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The event featured a two-and-a-half-mile parade of people advocating for lesbian, gay, bisexual and transgender equality and protesting North Carolina’s gay marriage ban — known as Amendment One — as well as speeches by LGBT community leaders.

Jennifer Rudinger, executive director of the state’s American Civil Liberties Union and the keynote speaker, said public opinion is continuing to move in favor of same-sex marriage.

“What a difference a year makes,” she said. “But we are far from done.”

LGBT rights in the workplace are another prominent debate nationwide. North Carolina is one of 29 states that doesn’t prohibit workplace discrimination based on sexual orientation.

Durham resident Terri Black, who has come to the past five parades, said as a recruiter she feels strongly about LGBT workers’ rights.

“It’s important that people feel comfortable and valuable in the workplace,” she said. “We are at our best when there’s no fear.”

Trevor Oxendine of Lumberton said he recently quit his job after facing discrimination for his sexuality. Oxendine declined to give the name of his former employer.

Fayetteville resident Olivia Asner said as a transgender woman, she felt uncomfortable filling out her job application.

“On the application, it only says male and female, so what did I put? What am I supposed to say?” she said.

Asner said events like the parade are important for uniting the LGBT community.

Rudinger said during her speech that there are four pending challenges to North Carolina’s gay marriage ban. A July decision by the 4th U.S. Circuit Court of Appeals, whose jurisdiction includes North Carolina, deemed Virginia’s ban unconstitutional, though that ruling has been put on hold by the U.S. Supreme Court.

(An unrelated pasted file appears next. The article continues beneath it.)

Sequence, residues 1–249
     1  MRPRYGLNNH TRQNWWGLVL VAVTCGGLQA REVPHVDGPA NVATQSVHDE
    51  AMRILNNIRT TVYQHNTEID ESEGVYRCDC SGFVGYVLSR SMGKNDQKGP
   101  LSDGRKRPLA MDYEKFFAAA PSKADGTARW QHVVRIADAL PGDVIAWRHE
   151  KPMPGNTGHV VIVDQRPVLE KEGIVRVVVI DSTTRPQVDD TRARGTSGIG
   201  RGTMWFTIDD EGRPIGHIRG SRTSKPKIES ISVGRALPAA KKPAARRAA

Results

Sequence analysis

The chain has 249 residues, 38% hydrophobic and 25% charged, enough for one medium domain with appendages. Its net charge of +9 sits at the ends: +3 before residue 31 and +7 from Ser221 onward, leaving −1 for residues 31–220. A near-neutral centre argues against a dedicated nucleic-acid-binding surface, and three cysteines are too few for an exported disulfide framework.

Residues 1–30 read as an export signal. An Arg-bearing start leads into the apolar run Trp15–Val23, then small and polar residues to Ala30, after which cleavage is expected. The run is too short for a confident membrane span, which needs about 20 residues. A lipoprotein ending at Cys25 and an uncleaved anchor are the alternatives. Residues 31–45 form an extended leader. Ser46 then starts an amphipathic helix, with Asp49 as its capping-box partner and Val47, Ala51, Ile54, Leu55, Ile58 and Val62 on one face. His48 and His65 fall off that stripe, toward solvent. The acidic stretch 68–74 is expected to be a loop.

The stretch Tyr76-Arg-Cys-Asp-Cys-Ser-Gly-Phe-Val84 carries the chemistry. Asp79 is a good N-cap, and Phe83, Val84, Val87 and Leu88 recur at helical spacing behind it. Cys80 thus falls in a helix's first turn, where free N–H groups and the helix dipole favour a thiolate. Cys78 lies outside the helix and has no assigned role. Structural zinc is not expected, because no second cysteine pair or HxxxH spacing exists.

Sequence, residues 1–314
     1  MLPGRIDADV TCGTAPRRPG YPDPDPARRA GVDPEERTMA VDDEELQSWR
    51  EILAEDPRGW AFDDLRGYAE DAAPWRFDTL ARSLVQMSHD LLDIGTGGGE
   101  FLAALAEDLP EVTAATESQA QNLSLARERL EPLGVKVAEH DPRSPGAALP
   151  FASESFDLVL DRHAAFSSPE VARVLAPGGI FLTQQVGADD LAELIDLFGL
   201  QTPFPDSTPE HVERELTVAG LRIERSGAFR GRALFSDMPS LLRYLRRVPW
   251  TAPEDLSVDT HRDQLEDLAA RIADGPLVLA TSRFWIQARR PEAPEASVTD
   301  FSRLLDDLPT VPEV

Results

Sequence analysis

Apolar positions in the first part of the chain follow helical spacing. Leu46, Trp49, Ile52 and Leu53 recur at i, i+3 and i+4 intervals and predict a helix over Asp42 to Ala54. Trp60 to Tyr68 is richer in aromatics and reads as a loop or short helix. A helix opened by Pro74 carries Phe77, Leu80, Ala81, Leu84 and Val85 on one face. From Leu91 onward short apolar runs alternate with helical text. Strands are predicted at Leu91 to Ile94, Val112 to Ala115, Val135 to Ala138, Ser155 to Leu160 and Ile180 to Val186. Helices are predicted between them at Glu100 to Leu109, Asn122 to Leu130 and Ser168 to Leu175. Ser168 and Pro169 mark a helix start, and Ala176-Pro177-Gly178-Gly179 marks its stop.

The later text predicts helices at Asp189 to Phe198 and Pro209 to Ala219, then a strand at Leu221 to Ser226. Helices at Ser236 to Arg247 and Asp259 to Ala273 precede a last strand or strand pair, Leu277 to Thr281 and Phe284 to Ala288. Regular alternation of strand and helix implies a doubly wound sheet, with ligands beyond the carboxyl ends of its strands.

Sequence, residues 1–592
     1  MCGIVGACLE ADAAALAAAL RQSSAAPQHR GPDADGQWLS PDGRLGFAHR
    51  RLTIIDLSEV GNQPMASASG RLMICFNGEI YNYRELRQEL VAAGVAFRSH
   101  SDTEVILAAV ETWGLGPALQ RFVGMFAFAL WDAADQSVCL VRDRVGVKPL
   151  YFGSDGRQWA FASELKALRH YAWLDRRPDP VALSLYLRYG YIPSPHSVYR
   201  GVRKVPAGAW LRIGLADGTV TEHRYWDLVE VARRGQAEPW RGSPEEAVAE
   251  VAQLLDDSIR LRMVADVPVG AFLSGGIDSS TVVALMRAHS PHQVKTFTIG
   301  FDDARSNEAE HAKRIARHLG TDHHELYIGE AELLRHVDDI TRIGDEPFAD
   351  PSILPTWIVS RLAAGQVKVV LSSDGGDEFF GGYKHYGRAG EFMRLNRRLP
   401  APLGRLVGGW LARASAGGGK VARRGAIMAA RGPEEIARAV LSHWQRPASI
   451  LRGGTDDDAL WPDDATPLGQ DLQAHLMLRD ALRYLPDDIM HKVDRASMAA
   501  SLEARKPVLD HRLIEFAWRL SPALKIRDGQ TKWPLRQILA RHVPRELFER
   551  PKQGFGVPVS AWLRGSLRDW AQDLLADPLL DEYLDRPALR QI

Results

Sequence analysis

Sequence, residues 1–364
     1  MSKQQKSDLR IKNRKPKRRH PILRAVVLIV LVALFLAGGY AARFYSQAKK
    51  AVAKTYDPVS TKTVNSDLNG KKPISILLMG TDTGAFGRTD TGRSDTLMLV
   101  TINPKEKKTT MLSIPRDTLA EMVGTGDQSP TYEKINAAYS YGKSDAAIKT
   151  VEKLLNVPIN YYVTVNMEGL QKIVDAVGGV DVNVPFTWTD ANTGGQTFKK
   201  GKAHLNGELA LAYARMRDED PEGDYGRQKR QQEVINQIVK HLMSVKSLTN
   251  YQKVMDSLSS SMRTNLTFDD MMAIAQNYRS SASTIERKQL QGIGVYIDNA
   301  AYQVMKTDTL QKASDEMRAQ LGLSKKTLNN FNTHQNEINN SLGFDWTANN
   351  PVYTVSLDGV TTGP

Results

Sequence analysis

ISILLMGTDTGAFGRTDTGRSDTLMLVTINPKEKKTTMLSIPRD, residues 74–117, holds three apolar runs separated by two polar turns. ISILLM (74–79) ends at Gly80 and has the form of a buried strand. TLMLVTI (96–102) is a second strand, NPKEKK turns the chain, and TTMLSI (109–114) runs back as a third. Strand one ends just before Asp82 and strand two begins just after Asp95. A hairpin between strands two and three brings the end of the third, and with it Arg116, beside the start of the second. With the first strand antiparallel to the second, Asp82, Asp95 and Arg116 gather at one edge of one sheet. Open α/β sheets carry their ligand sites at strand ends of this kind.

But Rudinger said it is widely expected that the Court will hear one of five possible gay marriage cases in the 2014-15 term.

If the justices decide not to hear any of the cases, she said, the 4th Circuit’s ruling will stand.

“Either way, we are confident that by the time we are back here next September, we’ll all have much more good news,” she said. “There’s a good chance Amendment One will be ancient history.”

But Miguel Tantas thinks differently.

Standing to the side of the parade and waving a Bible, Tantas said his religious beliefs prevent him from supporting LGBT rights.

“They think we’re here out of hatred, but we’re not,” he said.

Lee Storrow, a Chapel Hill Town Council member and executive director of the North Carolina AIDS Action Network, spoke on issues of LGBT health care in the state.

Citing a recent Centers for Disease Control and Prevention study, Storrow said less than half of gay and bisexual men living with HIV in the United States receive adequate health coverage — and in North Carolina, that number is even smaller.

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“When it comes to health care, we all have a right to be covered,” he said. “Our community can’t move backwards on issues of gay rights.”